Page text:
View of the universities south campus. Shutterstock/D.Alfonso
Maynooth University

Maynooth University confirms it was victim of cyberattack in which ransom was paid to cybercriminal

NUIG in July also confirmed it was a victim of the widespread attack.

MAYNOOTH UNIVERSITY HAS confirmed it was a victim of a widespread cyber hack in which data pertaining to students and alumni was stolen. 

The attack occurred in May and was targeted at Blackbaud, a software company which provides software and cloud management systems to third-level institutions, including Maynooth University.

A number of institutions were affected by the hack, including NUIG which in July moved to reassure students that its data would not be used or disseminated after Blackbaud paid a ransom in exchange for the stolen files being destroyed. 

Blackbaud at the time refused to list the institutions affected by the attack but in a letter to students and alumni of Maynooth University and seen by the college confirmed it was alerted to a breach on 16 July. 

“On the 16th July, we received notification of a security incident from a third-party service provider, Blackbaud,” the letter said. 

“They advised us that they were a victim of a ransomware attack in May 2020. After discovering the attack, Blackbaud’s cybersecurity team – together with independent forensic experts and law enforcement – successfully prevented the cybercriminal from blocking their system access and fully encrypting files, and ultimately expelled them. 

“However, before being locked out, the cybercriminal removed a copy of a backup file containing personal information including a subset of Maynooth University data. 

“Blackbaud paid the cybercriminal’s demand with confirmation that the copy they removed had been destroyed.”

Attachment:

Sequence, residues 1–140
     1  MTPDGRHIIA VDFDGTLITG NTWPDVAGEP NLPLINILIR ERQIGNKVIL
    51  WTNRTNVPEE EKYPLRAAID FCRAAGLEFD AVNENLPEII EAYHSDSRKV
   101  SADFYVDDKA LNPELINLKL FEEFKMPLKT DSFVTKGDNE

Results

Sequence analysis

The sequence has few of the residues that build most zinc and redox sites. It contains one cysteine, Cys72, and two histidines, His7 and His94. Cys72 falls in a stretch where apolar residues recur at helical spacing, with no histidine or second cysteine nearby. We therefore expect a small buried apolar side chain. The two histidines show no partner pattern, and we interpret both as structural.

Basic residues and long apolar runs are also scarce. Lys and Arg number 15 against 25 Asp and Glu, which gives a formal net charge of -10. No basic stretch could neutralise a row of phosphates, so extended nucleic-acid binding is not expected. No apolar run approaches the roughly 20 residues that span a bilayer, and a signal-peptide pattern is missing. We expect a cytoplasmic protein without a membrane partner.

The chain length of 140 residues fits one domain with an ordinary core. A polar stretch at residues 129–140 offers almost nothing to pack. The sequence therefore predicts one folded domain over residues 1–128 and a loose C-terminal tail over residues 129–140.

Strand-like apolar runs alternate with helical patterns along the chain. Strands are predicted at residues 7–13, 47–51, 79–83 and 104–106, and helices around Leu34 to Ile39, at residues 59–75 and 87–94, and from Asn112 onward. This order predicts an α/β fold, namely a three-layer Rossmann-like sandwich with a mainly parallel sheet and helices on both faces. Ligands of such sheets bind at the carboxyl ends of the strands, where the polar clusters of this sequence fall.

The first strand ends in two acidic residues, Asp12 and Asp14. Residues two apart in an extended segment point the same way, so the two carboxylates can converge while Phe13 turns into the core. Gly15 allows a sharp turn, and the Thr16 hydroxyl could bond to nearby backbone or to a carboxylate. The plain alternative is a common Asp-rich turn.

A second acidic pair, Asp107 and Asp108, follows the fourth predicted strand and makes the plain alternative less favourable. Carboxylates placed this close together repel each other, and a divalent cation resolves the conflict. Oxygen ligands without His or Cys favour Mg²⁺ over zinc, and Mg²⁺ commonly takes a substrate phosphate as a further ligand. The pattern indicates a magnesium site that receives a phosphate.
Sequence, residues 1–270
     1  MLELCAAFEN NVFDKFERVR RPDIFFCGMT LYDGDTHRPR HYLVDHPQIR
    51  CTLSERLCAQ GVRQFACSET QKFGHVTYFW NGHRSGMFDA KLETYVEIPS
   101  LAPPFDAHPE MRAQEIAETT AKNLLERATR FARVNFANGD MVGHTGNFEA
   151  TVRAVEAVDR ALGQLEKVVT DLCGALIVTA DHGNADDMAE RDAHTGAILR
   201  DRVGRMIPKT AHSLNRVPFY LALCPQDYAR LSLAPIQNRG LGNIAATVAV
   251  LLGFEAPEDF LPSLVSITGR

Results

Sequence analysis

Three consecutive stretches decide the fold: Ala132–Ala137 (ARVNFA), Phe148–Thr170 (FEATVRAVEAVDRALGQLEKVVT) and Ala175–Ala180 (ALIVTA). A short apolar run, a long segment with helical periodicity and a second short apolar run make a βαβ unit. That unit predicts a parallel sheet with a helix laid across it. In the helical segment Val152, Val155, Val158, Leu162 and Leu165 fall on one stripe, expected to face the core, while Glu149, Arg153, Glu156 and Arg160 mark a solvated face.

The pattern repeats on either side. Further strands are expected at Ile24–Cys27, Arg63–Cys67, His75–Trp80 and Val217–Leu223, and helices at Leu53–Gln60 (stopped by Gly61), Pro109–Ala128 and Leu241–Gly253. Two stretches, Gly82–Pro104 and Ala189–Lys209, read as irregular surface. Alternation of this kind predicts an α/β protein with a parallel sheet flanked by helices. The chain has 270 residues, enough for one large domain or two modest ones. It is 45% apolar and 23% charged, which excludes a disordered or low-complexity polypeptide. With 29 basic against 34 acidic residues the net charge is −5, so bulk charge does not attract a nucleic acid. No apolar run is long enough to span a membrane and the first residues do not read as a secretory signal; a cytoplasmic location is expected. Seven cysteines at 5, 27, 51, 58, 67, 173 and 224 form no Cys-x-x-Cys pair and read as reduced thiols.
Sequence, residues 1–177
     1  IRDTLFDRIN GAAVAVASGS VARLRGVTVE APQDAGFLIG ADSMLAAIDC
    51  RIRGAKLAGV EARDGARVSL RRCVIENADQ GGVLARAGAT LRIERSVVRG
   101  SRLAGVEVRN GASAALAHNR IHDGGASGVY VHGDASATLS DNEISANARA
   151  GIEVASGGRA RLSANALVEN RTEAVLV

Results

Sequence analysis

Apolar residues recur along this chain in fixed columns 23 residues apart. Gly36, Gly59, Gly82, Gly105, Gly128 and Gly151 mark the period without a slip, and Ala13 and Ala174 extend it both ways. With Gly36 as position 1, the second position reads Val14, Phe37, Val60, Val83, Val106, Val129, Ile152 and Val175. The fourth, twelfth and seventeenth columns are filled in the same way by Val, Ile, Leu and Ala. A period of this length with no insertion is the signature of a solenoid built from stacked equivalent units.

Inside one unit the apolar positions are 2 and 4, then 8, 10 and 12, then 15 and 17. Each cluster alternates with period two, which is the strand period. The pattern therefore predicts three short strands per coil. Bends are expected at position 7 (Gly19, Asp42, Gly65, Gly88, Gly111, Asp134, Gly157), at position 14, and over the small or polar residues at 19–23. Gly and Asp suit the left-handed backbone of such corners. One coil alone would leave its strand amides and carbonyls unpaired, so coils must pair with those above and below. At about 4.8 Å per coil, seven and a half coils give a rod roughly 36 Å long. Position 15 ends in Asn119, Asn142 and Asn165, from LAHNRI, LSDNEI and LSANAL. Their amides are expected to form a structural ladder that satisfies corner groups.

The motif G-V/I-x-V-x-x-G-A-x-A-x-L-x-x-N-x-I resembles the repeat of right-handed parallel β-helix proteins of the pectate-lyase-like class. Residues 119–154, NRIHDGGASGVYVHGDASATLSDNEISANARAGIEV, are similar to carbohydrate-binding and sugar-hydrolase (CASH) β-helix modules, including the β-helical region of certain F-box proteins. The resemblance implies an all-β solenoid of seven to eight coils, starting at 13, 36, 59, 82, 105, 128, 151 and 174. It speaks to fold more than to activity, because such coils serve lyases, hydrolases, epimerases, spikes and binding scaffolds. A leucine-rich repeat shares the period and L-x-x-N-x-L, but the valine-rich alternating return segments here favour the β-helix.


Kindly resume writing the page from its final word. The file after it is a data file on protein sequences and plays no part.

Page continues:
The university said it launched its own investigation and, following this, is now able to notify affected parties. 

It said data including the names, date-of-birth, addresses, and academic qualifications may have been stolen in the attack but there was no evidence that credit cards, bank details or passwords were accessed.

The university said: “Based on the nature of the incident, their research, and a third party (including law enforcement) investigation, Blackbaud does not believe that any data went beyond the cybercriminal, was or will be misused, or will be disseminated or otherwise made available publicly and are continuing to monitor this.”

It said the Data Protection Commissioner has been notified of the breach, it said, and the university is “reviewing our relationship with Blackbaud as a service provider”.

A spokesperson for the Data Protection Commissioner confirmed it has been notified of the breach. 

Students and alumni of the college will not need to take any action but should “remain vigilant and report any suspicious activity or identify theft to the proper authorities,” the letter states. 

“We sincerely apologise to you for this incident,” it added. 

Maynooth University did not immediately respond to a request for comment. 

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